Va. attorney general outlines new policing initiative

A top state official in Virginia is kicking off a new plan to update methods for safe and effective policing.

Virginia Attorney General Mark Herring along with two Northern Virginia police chiefs and the Commonwealth's head of Homeland Security announced the launch of a training initiative for police recruits and veteran officers.

"Our officers deserve -- and our communities expect them to receive -- the absolute best training on the latest tools and strategies for safe, impartial modern policing," said Herring.

This effort comes at a time when police interactions are making national news almost weekly, most notably interactions with African-Americans.

"Because 21st century policing is about building trust and legitimacy between our law enforcement community and our community stakeholders," said Secretary of Public Safety and Homeland Security Brian Moran.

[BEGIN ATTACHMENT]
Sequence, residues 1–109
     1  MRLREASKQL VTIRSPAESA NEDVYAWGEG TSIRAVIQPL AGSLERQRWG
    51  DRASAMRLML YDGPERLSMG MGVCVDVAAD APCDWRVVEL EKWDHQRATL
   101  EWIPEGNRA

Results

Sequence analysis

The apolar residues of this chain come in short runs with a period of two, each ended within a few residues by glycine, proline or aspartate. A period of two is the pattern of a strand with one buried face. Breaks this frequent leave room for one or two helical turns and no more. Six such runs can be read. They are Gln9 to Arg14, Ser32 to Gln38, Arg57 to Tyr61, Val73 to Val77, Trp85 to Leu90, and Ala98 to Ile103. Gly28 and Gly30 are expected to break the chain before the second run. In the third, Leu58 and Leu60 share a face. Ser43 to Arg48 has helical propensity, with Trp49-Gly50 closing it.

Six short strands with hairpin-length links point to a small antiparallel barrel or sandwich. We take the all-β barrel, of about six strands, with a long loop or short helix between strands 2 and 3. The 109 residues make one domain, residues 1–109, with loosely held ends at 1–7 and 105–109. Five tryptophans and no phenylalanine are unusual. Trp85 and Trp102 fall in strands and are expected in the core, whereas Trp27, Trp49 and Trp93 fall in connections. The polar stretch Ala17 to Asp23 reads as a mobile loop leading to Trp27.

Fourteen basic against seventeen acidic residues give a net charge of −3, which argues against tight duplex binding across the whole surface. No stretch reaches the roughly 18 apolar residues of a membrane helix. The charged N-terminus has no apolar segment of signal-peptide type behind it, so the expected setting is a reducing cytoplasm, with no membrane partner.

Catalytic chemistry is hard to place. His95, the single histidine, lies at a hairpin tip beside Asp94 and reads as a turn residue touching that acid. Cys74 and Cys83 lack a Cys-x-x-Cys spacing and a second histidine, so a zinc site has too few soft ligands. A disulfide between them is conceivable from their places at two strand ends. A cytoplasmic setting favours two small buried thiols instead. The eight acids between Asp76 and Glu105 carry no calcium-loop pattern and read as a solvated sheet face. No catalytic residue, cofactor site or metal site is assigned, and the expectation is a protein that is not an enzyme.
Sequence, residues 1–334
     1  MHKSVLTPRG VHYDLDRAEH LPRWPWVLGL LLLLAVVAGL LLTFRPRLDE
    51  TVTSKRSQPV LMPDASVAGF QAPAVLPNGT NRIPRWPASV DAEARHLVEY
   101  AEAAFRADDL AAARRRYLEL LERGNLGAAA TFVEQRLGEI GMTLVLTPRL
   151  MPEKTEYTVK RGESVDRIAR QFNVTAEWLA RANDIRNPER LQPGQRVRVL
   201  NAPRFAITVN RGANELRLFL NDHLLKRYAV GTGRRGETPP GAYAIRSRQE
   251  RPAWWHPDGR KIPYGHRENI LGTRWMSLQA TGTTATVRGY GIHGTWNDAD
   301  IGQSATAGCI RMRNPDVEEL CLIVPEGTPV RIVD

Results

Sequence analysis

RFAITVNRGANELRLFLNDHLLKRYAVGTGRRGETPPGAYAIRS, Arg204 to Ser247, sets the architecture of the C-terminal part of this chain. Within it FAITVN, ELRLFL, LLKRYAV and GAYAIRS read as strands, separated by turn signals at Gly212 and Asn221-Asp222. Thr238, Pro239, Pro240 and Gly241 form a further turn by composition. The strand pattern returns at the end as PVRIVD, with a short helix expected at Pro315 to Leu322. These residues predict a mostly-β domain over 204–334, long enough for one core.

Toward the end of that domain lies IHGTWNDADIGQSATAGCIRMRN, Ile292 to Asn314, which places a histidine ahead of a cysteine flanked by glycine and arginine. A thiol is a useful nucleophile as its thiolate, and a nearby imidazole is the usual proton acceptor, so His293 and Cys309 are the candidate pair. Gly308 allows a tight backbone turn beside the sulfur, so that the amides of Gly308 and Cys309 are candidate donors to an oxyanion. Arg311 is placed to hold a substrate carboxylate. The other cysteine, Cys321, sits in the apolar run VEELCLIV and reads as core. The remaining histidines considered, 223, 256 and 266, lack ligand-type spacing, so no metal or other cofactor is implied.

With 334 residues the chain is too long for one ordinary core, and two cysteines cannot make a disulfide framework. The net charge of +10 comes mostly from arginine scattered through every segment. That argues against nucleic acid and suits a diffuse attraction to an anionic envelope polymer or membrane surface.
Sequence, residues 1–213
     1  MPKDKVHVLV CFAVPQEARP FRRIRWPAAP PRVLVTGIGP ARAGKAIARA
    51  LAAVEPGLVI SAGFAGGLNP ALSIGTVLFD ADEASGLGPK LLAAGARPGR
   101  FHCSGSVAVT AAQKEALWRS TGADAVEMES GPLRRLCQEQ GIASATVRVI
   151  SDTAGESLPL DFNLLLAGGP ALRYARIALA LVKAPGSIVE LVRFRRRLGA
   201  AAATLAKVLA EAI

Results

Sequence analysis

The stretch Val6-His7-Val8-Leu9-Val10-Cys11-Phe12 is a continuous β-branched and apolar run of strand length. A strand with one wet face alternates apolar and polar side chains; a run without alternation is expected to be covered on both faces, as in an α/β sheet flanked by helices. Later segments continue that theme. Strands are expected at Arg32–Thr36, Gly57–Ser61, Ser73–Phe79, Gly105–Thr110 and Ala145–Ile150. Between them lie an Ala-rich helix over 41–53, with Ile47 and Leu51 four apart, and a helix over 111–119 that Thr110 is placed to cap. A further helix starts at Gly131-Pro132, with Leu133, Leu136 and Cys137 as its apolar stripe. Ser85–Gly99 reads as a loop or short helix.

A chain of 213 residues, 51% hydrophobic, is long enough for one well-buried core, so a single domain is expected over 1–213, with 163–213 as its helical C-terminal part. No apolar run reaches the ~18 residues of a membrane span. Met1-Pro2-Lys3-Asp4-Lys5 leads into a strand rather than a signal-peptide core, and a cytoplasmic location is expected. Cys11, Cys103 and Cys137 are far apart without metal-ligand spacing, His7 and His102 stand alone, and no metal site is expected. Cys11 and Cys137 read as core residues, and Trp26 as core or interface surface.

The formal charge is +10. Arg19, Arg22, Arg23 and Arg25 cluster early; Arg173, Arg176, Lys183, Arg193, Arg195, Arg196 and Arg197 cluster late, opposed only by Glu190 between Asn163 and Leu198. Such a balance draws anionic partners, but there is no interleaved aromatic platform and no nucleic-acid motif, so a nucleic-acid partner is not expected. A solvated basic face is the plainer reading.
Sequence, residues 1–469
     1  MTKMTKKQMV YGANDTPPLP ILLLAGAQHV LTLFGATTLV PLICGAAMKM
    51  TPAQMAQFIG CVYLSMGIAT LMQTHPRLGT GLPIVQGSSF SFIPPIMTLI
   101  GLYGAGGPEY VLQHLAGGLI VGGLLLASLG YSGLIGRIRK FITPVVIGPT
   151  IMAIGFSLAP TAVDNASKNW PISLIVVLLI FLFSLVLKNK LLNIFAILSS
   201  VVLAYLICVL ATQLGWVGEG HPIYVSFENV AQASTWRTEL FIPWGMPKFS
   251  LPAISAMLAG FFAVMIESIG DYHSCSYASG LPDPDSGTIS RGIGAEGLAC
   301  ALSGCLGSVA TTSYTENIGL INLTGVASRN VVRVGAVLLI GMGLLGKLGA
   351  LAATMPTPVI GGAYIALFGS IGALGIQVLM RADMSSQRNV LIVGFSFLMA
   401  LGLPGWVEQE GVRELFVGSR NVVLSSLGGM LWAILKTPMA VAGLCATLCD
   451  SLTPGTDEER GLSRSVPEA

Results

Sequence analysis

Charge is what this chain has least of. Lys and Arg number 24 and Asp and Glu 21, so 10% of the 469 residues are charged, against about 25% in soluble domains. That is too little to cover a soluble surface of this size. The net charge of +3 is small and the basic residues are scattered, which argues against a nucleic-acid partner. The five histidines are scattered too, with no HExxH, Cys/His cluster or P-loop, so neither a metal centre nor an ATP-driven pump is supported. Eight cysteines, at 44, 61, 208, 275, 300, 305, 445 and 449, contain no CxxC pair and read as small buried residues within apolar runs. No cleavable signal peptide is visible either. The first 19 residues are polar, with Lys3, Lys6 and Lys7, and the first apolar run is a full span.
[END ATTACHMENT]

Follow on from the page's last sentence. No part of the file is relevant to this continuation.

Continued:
Elected officials are applauding the initiative, noting disparities in arrest and conviction rates, especially in African-American and Latino communities.

"By having these conversations and showing that it is a dual track and that everyone is at the table and understands -- whether it's the academy or experienced officers and everyone in between -- so that we can reduce ugly incidents that nobody wanted to happen," said Arlington County Board Vice Chair J. Walter Tejada.

The new initiative will provide training for officers to better handle the mentally ill. The goal is to provide them with skills to distinguish between responding to a dangerous person and someone in a mental health crisis.

And when there are so-called "bad apples" within the police ranks?

"There are internal mechanisms. The citizen controls that come and we meet, we talk, we take seriously every single complaint. And then we have to root out those people who shouldn't be in this profession, and that's part of our job of accountability," said Chief Earl Cook of the Alexandria Police Department.

The new programs will start next year. Herring is not saying how much it will cost or who will do the training.